What have you learnt from literature?
I read a piece in the Observer a week or so ago in which an author with a background in psychotherapy said she had learned more about human psychology from Conrad, Shakespeare, etc than from Freud, Yung, et al. It is often said that we learn a great deal from novels.
But what do we learn, exactly? What kind of “truth” do novels contain?
I can see that if I read a story about a killer, that laid out how he became a killer in such a way that I can see that I too could have ended up like him, then I have learned something valuable. I can also see that I might read about a concern someone has in a story that I share, but thought was unique to me, and so learn that I am not alone in having such thoughts and feelings. I can also see that I might have a feeling that I find difficult to articulate, and in a novel find a perfect expression of it. “Yes!” I might think, “That’s how I feel”. Novels can also provoke us to think about things we might not otherwise have considered. These are ways in which I could learn something, gain some insight.
On the other hand, novels are stories. And stories can be propaganda, even unwitting propaganda. Literature can be used to tell lies about the human condition. A skilled writer may, by pressing our emotional buttons, make us feel sympathy for a cause we should revile, or make what is wrong seem right or normal, for example.
Literature is about a good yarn with a beginning a middle, and an end, a strong character that develops, and so on. Real life rarely has these features. People rarely change, and when they do, rarely change in the ways that a good story requires. The real explanations for why people do things are rarely as dramatically satisfying and neat as those for fictional characters. When people write biographies or dramatized accounts of real events, real life has to be very heavily edited and shoe-horned into the conventions of literature, so that we get a good story. Either that or the author has to search hard for one of those unusual episodes or lives that actually meets the requirements of good literature.
So isn’t literature, in many ways, profoundly misleading, providing the illusion that real life has a clear narrative structure, a plot, a moral, is driven by psychological principles, etc., that are actually rarely if ever present in real life?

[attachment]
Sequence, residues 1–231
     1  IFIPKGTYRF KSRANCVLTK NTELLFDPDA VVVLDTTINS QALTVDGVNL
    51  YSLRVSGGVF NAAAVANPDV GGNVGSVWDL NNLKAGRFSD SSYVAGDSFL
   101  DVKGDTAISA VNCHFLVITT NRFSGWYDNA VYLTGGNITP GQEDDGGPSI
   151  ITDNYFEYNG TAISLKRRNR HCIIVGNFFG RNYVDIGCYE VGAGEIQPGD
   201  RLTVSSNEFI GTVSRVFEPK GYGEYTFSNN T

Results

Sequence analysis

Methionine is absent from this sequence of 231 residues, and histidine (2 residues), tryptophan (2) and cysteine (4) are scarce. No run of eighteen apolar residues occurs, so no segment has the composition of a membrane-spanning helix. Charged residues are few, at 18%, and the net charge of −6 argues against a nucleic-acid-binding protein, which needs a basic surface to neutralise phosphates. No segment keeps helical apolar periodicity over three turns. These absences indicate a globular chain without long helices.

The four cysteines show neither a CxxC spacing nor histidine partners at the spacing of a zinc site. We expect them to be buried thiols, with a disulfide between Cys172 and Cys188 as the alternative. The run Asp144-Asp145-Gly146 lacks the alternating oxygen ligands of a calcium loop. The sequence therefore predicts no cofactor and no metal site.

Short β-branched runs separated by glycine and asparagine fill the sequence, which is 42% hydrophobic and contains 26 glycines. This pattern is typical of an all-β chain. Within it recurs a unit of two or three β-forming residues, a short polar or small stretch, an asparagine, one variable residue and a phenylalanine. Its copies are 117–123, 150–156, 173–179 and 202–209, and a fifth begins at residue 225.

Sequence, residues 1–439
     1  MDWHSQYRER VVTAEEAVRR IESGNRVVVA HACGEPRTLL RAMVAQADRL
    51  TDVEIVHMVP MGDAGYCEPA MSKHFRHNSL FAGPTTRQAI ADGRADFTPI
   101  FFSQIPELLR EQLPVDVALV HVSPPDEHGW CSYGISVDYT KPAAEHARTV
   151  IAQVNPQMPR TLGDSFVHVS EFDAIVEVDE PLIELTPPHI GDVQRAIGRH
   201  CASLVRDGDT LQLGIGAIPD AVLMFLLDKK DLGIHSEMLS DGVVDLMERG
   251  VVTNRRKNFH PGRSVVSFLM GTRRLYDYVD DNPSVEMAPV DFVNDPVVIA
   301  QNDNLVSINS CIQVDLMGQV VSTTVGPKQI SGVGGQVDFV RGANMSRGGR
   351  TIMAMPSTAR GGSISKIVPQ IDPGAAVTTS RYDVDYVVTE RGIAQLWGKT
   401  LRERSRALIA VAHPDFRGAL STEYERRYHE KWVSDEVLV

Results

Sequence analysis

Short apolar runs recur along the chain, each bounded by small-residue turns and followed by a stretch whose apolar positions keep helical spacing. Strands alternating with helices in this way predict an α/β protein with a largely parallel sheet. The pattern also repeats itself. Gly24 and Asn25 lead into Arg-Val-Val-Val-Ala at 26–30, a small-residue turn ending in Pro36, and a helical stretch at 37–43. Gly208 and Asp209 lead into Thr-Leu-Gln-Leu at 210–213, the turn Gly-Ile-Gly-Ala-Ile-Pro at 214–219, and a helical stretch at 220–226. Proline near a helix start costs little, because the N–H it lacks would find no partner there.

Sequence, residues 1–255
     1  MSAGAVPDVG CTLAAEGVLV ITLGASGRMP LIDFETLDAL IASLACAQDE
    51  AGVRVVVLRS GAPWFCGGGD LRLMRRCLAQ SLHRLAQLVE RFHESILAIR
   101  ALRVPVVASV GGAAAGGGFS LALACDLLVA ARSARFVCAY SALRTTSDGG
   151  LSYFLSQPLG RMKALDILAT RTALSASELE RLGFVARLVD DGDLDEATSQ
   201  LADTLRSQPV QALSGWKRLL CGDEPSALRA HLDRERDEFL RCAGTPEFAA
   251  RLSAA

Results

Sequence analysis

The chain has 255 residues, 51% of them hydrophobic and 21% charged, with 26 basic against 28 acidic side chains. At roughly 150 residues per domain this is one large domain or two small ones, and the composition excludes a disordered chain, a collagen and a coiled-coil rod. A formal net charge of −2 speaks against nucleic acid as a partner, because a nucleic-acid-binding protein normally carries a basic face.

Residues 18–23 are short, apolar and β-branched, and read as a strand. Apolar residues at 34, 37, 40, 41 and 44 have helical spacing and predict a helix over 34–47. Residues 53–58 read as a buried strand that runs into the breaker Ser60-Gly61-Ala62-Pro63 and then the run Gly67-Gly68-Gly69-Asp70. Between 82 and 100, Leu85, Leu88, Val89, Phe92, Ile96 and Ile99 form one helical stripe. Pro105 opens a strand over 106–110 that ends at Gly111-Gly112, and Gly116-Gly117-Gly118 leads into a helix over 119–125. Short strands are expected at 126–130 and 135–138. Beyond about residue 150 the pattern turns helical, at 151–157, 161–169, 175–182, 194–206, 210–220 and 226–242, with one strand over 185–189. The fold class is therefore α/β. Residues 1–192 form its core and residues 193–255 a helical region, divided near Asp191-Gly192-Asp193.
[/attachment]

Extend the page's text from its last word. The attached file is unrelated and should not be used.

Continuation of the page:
Isn’t the “psychology” it presents, often as not, mythical, rather than actual, reflecting what an all-too fallible individual, the author, thinks makes people tick, rather than what actually makes them tick?
Indeed, aren’t we just endlessly presented with the same stock of archetypal plots and characters over and over again, which function as cultural sign-posts for us: “Oh, it’s a story about a quest, and X is the flawed hero, and he learns this sort of lesson as he pursues the quest…”. Even when a story deviates from these archetypes, doesn’t it succeed precisely by deliberately flouting them – by revealing itself to be of another archetype, rather than the one it initially appeared to be (the plot with a “twist”).
Anyway, these reflections lead me to ask: given that people regularly claim to have learned so much about the human condition and psychology from literature (novels), what’s the most important thing you have learned? Is there a novel you were reading, when suddenly you were struck by a rather profound insight? If so, I’d be interested to know.
My suspicion is that, because people always say that learned this profound stuff from novels, but seem rarely if ever to provide an actual example of something they learned, that actually the profound truths and insights contained with novels are largely, if not entirely, mythical.
Of course I know this will provoke howls of outrage from literary types and that I shall be branded a philistine. I am just asking, that’s all… If the insights are there let’s have some examples. Otherwise, I’m thinking “Emperor’s New Clothes” (ok, there‘s an insight right there!).
Remember – it’s genuine penetrating insights I am after, not statements of the bloody obvious dressed up in literary garb.